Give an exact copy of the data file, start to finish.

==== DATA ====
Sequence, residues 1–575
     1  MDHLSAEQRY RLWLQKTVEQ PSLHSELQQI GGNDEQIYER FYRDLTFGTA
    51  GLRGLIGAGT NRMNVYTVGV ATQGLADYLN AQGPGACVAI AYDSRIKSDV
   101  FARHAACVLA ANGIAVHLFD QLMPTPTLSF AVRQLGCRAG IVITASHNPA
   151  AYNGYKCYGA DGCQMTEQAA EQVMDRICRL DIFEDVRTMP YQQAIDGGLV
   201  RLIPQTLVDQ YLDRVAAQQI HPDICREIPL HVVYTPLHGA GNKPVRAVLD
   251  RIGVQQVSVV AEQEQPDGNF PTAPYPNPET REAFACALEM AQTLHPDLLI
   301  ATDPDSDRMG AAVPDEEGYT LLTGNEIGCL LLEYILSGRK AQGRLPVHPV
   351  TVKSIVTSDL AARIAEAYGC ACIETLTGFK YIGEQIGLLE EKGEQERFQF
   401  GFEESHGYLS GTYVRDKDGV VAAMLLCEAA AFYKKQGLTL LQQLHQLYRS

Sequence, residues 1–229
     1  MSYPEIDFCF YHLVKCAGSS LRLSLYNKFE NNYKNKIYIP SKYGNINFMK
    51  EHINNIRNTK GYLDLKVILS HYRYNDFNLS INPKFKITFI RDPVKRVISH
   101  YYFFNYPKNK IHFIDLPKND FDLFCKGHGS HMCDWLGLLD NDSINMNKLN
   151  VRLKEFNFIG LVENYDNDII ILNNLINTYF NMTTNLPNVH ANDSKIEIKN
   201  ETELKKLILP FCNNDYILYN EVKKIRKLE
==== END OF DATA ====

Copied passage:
Sequence, residues 1–575
     1  MDHLSAEQRY RLWLQKTVEQ PSLHSELQQI GGNDEQIYER FYRDLTFGTA
    51  GLRGLIGAGT NRMNVYTVGV ATQGLADYLN AQGPGACVAI AYDSRIKSDV
   101  FARHAACVLA ANGIAVHLFD QLMPTPTLSF AVRQLGCRAG IVITASHNPA
   151  AYNGYKCYGA DGCQMTEQAA EQVMDRICRL DIFEDVRTMP YQQAIDGGLV
   201  RLIPQTLVDQ YLDRVAAQQI HPDICREIPL HVVYTPLHGA GNKPVRAVLD
   251  RIGVQQVSVV AEQEQPDGNF PTAPYPNPET REAFACALEM AQTLHPDLLI
   301  ATDPDSDRMG AAVPDEEGYT LLTGNEIGCL LLEYILSGRK AQGRLPVHPV
   351  TVKSIVTSDL AARIAEAYGC ACIETLTGFK YIGEQIGLLE EKGEQERFQF
   401  GFEESHGYLS GTYVRDKDGV VAAMLLCEAA AFYKKQGLTL LQQLHQLYRS

Sequence, residues 1–229
     1  MSYPEIDFCF YHLVKCAGSS LRLSLYNKFE NNYKNKIYIP SKYGNINFMK
    51  EHINNIRNTK GYLDLKVILS HYRYNDFNLS INPKFKITFI RDPVKRVISH
   101  YYFFNYPKNK IHFIDLPKND FDLFCKGHGS HMCDWLGLLD NDSINMNKLN
   151  VRLKEFNFIG LVENYDNDII ILNNLINTYF NMTTNLPNVH ANDSKIEIKN
   201  ETELKKLILP FCNNDYILYN EVKKIRKLE